near Thetford, Norfolk, and of Snailwell, Cambridgeshire, and a prebend in Hereford Cathedral on 20 Jan. 1603–4. His wide learning, which embraced a knowledge of Greek and Hebrew, attracted the attention of Sir Walter Raleigh, who received assistance from him in the composition of his ‘History of the World’ (Oldys, Life of Walter Raleigh). He died at Northwold in October 1641, and was buried in the chancel of the church there. A monument was erected to his memory by Samuel Knight, archdeacon of Berkshire, about 1740. He was a voluminous contributor to controversial divinity. He intervened in 1606 in a controversy between John Howson (bishop of Oxford, 1619–28) and Dr. Thomas Pye as to the marriage of divorced persons. In a Latin tractate (Oxford, 1606) Burhill supported Howson's contention that marriage in such cases was unlawful, and refuted Pye's opposite arguments. His pamphlet was bound up with a second edition of Howson's ‘Thesis.’ To the controversy excited by Bishop Andrewes's ‘Tortura Torti,’ a reply to Cardinal Bellarmine, Burhill contributed ‘Responsio pro Tortura Torti contra Martinum Becanum Jesuitam,’ London, 1611; ‘De Potestate regia et Usurpatione papali pro Tortura Torti contra Parellum Andr. Eudæmon,’ Oxford, 1613; and ‘Assertio pro Jure regio contra Martini Becani Jesuitæ Controversiam Anglicanam,’ London, 1613, together with a defence of John Buckeridge's answer to Cardinal Bellarmine's apology. Burhill's printed works also include a Latin panegyric on James I, inviting him to visit Oxford (Oxford, 1603), and a preface to a sermon (London, 1602) of Miles Smith, bishop of Gloucester, 1612–24. In Corpus Christi College Library at Oxford is a manuscript commentary by Burhill on the difficult passages in Job; in the Bodleian are another manuscript tractate in support of monarchy and episcopacy, and a manuscript Latin poem in ten books, entitled ‘Britannia Scholastica, vel de Britanniæ rebus scholasticis.’
[Wood's Athenæ, ed. Bliss, iii. 18–19; Fasti, ed. Bliss, i. 250, 267, 299, 466; Edwards's Life of Raleigh, i. 543–4.]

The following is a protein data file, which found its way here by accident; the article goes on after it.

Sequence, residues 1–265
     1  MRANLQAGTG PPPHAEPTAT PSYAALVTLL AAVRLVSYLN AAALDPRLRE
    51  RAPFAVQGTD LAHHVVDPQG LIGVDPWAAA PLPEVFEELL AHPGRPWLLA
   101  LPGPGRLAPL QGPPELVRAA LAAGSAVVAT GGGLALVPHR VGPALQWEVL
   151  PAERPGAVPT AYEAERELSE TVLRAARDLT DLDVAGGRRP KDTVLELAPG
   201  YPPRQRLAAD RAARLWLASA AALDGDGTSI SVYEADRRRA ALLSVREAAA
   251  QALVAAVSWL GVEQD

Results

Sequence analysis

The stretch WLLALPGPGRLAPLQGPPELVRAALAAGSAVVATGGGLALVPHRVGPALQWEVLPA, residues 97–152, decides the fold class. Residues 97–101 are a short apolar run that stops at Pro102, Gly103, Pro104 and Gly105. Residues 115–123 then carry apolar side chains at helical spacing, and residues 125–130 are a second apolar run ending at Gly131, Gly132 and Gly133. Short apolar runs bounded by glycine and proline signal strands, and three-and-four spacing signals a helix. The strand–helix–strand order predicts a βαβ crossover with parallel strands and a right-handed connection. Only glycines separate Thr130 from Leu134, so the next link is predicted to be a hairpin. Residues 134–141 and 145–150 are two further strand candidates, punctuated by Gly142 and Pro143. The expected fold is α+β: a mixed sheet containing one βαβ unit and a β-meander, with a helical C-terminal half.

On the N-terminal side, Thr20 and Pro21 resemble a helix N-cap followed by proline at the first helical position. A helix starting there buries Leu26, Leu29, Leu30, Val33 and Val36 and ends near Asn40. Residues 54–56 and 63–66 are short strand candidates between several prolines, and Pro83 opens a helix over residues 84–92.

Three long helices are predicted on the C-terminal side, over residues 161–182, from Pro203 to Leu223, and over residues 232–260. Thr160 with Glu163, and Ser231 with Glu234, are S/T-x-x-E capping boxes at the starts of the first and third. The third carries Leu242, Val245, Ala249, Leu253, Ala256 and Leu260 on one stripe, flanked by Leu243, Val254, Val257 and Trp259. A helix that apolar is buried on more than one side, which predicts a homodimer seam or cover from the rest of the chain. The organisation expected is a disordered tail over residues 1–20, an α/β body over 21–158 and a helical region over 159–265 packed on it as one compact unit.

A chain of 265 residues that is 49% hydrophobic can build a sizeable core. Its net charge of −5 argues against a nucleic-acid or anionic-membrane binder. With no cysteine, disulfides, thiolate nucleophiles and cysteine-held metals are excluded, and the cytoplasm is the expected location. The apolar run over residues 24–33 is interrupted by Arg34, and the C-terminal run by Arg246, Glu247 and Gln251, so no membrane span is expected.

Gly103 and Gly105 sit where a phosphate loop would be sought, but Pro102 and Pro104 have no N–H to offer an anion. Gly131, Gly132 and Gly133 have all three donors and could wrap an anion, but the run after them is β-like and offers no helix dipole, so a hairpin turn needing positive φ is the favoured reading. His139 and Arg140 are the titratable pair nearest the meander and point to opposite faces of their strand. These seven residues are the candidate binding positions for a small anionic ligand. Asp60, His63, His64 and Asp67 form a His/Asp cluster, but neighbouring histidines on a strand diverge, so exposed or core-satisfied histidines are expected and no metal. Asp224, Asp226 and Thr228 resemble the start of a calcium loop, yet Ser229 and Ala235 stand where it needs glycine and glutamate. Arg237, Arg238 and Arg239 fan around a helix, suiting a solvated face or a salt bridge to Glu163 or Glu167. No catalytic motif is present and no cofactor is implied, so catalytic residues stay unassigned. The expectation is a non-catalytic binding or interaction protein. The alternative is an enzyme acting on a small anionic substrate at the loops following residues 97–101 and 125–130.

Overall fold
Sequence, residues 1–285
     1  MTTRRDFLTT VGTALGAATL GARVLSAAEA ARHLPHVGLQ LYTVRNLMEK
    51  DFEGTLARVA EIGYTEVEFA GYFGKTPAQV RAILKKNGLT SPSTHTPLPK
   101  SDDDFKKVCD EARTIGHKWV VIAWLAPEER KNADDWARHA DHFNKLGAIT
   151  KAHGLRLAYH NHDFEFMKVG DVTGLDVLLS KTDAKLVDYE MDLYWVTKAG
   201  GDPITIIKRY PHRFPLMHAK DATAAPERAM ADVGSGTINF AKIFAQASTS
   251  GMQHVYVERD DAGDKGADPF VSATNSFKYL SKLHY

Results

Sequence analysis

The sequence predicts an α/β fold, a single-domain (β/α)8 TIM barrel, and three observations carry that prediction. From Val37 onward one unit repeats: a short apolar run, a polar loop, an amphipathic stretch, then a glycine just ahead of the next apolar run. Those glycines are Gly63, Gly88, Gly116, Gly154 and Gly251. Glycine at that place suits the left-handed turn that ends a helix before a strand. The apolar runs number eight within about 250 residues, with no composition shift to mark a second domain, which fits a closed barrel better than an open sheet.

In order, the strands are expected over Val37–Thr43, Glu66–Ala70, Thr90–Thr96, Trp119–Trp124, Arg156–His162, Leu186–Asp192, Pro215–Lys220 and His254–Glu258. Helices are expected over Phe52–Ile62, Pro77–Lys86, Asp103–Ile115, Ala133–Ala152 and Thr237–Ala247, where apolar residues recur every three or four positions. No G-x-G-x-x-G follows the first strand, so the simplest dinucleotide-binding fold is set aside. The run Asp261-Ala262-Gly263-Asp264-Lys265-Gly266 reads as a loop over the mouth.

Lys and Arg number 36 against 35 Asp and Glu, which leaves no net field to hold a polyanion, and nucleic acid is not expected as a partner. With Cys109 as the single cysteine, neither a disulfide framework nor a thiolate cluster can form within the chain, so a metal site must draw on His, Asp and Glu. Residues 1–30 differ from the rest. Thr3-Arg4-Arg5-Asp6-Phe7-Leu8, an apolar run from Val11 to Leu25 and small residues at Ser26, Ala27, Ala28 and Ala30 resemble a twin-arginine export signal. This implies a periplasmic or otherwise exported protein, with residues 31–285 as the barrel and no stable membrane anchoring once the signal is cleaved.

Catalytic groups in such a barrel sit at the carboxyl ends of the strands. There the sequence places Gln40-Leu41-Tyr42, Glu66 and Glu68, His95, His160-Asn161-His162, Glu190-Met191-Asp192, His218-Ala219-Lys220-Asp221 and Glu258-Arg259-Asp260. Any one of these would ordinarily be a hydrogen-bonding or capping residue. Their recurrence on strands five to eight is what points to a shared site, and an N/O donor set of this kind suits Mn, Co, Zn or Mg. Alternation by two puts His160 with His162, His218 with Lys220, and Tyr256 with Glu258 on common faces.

BURKE, EDMUND (1729–1797), statesman, the second son of Richard Burke, an attorney resident in Dublin, appears to have been born—for the exact date is not absolutely certain—on 12 Jan. 1729, N. S. There is no ground for the often-repeated statement that his family belonged to Limerick. His father was a protestant; his mother, whose maiden name was Nagle, was a Roman catholic. Although brought up in his father's religion, Burke was accustomed to look on Roman Catholicism as the religion of many he loved, and thus early learnt the lesson of toleration. This lesson must have been still further impressed on him when, in 1741, he was sent to a school at Ballitore, co. Kildare, kept by Abraham Shackleton, a member of the Society of Friends, from whom he declared that he gained all that was really valuable in his education. With Shackleton's son Richard he formed a friendship which lasted through life. In 1743 he entered Trinity College, Dublin, and remained there until 1748. He seems to have studied diligently, but in a desultory fashion, taking up various subjects with eagerness, and dropping each in turn for some new pursuit (Works, i. 12). He made himself familiar with Latin authors, and especially with Cicero, 'the model on which he laboured to form his own character, in eloquence, in policy, in ethics, and philosophy' (Sir P. Francis to Lord Holland, p. 17). Although it has been asserted that he knew little of Greek, a letter of C. J. Fox states that he knew as much of that language as men usually do who have neglected it since their school or college days, and that the writer had heard him quote Homer and Pindar (Dilke, Papers of a Critic, ii. 312). He gained a scholarship by examination in 1746. His letters to Richard Shackleton during this period are such as any earnestly minded and ambitious youth might have written, and the verses sent with them do not show any special power. As in after life, his favourite recreation was to be among trees and gardens. He took his B.A. degree in the spring commencements of 1748, having been entered at the Middle Temple the year before, and in 1750 came up to London to study law. He did not apply himself steadfastly to work. His health was weak, and he seems to have spent much time in travelling about in company with his kinsman William Burke [q. v.], staying at Monmouth, at Turley House, Wiltshire, more than once at Bristol, and at other places. We scarcely know anything of this period of his life; for with the exception of one rather obscure fragment (Prior, 41), there is not a letter of his extant between 1752 and 1757. He seems to have broken off all communication even with R. Shackleton, for writing to him, 10 Aug. 1757, he says that he sends him a copy of his 'Philosophical Inquiry' 'as a sort of offering in atonement,' and speaks of himself as having been 'sometimes in London, sometimes in remote parts of the country, sometimes in France, and shortly, please God, to be in America' (Works, i. 17).